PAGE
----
Ryang who lived during the Yi Dynasty, 14th century. This pattern ends with a left-hand
attack to symbolize the tragedy of his death at 27 in prison before he was able to reach
|Juche is a philosophical idea that man is the master of
everything and decides everything, in other words, the idea that man is the master of the
world and his own destiny. It is said that this idea was rooted in Baekdu Mountain which
symbolizes the spirit of the Korean people. The diagram represents Baekdu Mountain.
|Sam-Il denotes the historical date of the independance
movement of Korea which began throughout the country on March 1, 1919. The 33 movements in
the pattern stand for the 33 patriots who planned the movement.
|Yoo-Sin is named after General Kim Yoo Sin, a commanding
general during the Silla Dynasty. The 68 movements refer to the last two figures of 668
A.D. the year Korea was united. The ready posture signifies a sword drawn on the right
rather than the left side, symbolizing Yoo Sin's mistake of following his king's orders to
fight with foreign forces against his own nation.
|Choi-Yong is named after General Choi Yong, Premier and
Commander-in-Chief of the Armed forces during the 14th century Koryo Dynasty. Choi Yong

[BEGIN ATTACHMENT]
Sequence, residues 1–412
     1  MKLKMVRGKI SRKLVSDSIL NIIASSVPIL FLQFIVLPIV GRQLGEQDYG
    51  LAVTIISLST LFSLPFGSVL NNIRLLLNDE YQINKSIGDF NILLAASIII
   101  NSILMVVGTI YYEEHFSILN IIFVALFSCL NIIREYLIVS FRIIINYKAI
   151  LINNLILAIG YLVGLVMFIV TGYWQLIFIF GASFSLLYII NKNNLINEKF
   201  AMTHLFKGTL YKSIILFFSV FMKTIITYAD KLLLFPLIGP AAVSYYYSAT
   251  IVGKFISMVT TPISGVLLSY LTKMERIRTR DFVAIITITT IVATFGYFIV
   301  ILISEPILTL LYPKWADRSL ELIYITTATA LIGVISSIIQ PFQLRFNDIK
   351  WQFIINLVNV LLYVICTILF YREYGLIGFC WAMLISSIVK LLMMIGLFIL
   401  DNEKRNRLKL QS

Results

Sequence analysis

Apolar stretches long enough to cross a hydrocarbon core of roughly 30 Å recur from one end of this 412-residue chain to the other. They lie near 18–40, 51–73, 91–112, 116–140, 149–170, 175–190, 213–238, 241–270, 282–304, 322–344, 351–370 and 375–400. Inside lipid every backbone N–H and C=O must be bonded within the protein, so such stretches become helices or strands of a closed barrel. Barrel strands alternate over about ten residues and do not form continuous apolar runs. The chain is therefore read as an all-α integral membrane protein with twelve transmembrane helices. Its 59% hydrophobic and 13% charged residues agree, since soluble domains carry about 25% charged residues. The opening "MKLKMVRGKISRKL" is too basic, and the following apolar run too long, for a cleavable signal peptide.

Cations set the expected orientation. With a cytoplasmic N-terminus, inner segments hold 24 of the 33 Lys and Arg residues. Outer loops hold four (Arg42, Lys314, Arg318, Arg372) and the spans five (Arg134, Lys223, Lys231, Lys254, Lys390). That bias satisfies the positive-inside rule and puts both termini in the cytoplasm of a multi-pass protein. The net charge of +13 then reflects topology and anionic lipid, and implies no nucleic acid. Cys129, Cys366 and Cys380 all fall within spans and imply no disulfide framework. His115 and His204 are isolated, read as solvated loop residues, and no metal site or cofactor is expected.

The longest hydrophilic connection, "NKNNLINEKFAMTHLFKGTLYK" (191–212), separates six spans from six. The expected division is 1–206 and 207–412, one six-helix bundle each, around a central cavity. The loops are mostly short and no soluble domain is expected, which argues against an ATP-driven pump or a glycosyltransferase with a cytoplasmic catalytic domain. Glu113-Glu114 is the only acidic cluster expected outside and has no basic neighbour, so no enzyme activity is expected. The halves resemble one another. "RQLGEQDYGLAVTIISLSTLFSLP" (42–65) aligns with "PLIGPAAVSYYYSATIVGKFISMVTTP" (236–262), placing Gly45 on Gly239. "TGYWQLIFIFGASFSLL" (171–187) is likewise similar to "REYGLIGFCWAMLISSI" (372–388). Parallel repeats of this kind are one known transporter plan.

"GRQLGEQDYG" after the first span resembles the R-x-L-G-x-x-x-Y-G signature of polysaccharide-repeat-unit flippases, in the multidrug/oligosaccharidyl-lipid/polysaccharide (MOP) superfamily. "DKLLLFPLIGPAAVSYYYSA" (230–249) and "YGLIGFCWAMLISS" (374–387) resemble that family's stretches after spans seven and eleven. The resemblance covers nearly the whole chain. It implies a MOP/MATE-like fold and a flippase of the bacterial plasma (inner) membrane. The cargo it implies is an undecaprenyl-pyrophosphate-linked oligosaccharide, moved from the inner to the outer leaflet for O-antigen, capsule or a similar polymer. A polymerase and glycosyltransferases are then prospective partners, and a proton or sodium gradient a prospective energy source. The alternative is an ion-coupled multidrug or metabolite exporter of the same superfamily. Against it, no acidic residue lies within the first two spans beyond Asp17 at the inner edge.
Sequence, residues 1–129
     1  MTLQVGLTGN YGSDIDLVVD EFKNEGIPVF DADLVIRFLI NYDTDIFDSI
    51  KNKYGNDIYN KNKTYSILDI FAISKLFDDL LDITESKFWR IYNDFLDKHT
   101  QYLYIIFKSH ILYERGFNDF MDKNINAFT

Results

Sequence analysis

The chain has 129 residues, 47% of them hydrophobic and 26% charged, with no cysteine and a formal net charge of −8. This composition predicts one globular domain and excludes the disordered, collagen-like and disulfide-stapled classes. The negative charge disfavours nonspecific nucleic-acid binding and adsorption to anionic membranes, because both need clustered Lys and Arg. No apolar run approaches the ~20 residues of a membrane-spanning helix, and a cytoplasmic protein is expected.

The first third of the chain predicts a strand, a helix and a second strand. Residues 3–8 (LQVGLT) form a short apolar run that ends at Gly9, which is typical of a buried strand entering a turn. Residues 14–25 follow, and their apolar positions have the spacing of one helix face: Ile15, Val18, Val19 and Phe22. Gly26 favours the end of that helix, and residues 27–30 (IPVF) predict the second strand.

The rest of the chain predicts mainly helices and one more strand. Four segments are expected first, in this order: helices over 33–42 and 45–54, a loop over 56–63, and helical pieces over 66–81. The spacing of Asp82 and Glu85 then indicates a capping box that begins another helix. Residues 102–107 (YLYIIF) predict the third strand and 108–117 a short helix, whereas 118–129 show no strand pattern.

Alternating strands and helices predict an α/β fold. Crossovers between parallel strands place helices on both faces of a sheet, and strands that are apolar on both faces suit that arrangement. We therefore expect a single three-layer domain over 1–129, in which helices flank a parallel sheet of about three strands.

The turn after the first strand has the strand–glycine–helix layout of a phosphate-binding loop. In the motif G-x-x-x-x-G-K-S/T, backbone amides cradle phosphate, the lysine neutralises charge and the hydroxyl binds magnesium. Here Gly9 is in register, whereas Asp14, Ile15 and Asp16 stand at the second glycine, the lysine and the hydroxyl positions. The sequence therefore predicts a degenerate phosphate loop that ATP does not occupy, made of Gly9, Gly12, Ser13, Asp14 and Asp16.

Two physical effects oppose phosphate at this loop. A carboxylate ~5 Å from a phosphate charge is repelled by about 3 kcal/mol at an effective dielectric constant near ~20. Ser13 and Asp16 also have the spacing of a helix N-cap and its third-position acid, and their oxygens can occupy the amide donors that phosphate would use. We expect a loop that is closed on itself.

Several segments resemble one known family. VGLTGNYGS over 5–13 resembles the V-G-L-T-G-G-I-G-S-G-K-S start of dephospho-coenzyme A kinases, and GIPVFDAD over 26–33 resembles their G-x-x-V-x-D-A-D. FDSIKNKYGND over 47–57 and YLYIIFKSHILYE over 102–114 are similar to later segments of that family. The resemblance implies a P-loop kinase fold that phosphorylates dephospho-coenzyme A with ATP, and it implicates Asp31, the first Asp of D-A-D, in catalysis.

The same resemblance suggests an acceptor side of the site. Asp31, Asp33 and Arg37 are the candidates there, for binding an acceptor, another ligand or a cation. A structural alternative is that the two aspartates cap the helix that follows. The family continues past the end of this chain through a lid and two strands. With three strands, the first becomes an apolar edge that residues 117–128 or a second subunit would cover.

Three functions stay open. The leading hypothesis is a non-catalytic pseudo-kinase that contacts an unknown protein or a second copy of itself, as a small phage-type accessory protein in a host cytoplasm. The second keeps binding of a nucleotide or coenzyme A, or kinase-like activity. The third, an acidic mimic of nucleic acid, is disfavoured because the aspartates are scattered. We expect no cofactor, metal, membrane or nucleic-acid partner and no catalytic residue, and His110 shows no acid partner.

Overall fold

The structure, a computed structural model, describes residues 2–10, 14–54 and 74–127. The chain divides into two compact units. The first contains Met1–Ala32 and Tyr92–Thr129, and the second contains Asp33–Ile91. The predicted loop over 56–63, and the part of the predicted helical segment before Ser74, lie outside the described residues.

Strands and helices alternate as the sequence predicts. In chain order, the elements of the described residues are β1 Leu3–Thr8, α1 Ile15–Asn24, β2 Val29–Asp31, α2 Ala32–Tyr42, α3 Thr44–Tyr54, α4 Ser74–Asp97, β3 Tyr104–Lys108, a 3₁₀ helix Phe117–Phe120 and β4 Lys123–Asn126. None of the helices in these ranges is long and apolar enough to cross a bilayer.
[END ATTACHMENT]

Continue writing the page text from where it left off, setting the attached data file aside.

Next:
was greatly respected for his loyalty, patriotism, and humility. He was executed by his
subordinate commanders headed by General Yi Sung Gae, who later became the first king of
the Yi Dynasty.
|Yon-Gae is named after a famous general during the
Koguryo Dynasty, Yon Gae Somoon. The 49 movements refer to the last two figures of 649
A.D., the year he forced the Tang Dynasty to quit Korea after destroying nearly 300,000 of
their troops at Ansi Sung.
|Ul-Ji is named after general Ul-Ji Moon Dok who
successfully defended Korea against a Tang's invasion force of nearly one million soldiers
led by Yang Je in 612 A.D., Ul-Ji employing hit and run guerilla tactics, was able to
decimate a large percentage of the force. The diagram represents his surname. The 42
movements represent General Choi Hong Hi's age when he designed the pattern.
|Moon-Moo honors the 30th king of the Silla Dynasty. His
body was buried near Dae Wang Am (Great King's Rock). According to his will, the body was
placed in the sea "...where my soul shall forever defend my land against the
Japanese." It is said that the Sok Gul Am (Stone Cave) was built to guard his tomb.
The Sok Gul Am is a fine example of the culture of the Silla Dynasty. The 61 movements in
this pattern symbolize the last two figures of 661 A.D. when Moon Moo came to the throne.
|So-San is the pseudonym of the great monk Choi Hyong Ung
(1520-1604) during the Yi Dynasty. The 72 movements refer to his age when he organized a
corps of monk soldiers with the assistance of his pupil Sa Myung Dang. The monk soldiers
helped repulse the Japanese pirates who overran most of the Korean peninsula in 1592.
|Se-Jong is named after the greatest Korean king, Se-Jong,
who invented the Korean alphabet in 1443, and was also a noted meteorologist having
invented (1442 A.D.) the first rain gauge in human history. The diagram represents the
king, while the 24 movements represent the 24 letters of the Korean alphabet.
|Tong-Il denotes the resolution of the unification of
Korea which has been divided since 1945. The diagram symbolizes the homogenous race.